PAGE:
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Tesco to cut new store openings by a third

Tesco will reduce new store openings by a third and cut capital expenditure by £500 million next year.


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Posting its annual results this morning, the supermarket giant said UK net new space growth will reduce by 38 per cent, with renewed focus on refreshing its existing stories, starting with 430 stores in 2012/13.

Tesco will cut capital expenditure from £3.8bn in 2011/12 to £3.3bn in 2012/13. Last year, capital spend in the UK was £1.6bn and £2.1bn internationally.

Vinci and ISG are among the contractors that work regularly with the supermarket.

The announcement follows earlier reports that Tesco planned to scale back on expansion. It also comes as latest Glenigan figures reveal an increased number of Tesco projects on hold.

The firm said today:  “We plan to invest a lower level of group capital expenditure in the current financial year - from £3.8bn in 2011/12 to £3.3bn in 2012/13. 

“A key driver of this change is a reduced new store opening programme in the UK, with around 38 per cent less net new space opening in 2012/13 than in 2011/12.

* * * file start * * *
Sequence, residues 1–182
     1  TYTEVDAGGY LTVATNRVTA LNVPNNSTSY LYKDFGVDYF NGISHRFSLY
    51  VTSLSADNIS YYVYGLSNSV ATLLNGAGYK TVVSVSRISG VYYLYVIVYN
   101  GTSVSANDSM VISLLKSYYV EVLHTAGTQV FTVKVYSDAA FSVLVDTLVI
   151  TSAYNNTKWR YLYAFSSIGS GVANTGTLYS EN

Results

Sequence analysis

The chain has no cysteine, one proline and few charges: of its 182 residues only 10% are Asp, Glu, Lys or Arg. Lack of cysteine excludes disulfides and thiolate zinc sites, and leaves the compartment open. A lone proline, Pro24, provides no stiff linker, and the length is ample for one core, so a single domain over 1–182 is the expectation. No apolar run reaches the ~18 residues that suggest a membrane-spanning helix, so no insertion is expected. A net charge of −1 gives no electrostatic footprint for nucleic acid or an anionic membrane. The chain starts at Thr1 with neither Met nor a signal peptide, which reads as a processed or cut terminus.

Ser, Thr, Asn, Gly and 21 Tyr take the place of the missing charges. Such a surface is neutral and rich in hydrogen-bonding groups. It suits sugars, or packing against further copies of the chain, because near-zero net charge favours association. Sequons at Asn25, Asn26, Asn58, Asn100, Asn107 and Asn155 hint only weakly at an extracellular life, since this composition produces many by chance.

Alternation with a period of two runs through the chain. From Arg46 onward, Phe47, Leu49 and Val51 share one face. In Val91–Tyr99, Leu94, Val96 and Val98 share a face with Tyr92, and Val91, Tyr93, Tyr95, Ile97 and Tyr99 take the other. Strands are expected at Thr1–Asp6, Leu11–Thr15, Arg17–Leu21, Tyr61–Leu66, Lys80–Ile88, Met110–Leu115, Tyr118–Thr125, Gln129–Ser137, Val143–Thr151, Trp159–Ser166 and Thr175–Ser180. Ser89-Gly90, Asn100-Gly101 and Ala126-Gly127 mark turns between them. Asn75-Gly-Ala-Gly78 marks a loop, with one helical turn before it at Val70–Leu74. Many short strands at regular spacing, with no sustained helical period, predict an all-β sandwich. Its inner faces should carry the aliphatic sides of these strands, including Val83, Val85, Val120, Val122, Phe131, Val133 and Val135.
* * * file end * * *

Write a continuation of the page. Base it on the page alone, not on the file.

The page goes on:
“This will result in an overall reduction in UK capital expenditure even though we are stepping up our investment in existing stores and online.”

Tesco reported a 7.4 per cent boost in sales to £72bn, with underlying profit before tax up 1.6 per cent to £3.9bn, for the year to 25 February 2012. The group said it expects capital expenditure to remain “comfortably below” 5 per cent of sales.

It added: “These changes in relation to capital expenditure form part of a financial strategy which supports sustainable business growth, as we continue to invest whilst also moving towards a higher level of cash generation and, in line with our stated objective, improving return on capital employed.”

The company will instead spend £1bn on “improving the shopping trip for customers”, including a faster store Refresh programme, introducing a “warmer look and feel”. Service and staff, range, brand and online will also be the main areas of focus.

Chief executive Philip Clarke said: “We are also focusing our lower overall capital expenditure more into our existing stores and in building our online businesses.

“We are adapting our UK capital plans so that we have the right store base for the future, to underpin the returns that create long term value for our shareholders.

“Together these steps are the right things to do both to improve the shopping trip for customers and to secure a return to profitable growth in the UK.”

The firm said its United States losses reduced by 17.7 per cent. The group was also recognised as best retailer in the Carbon Disclosure Project’s Global 500 Index.

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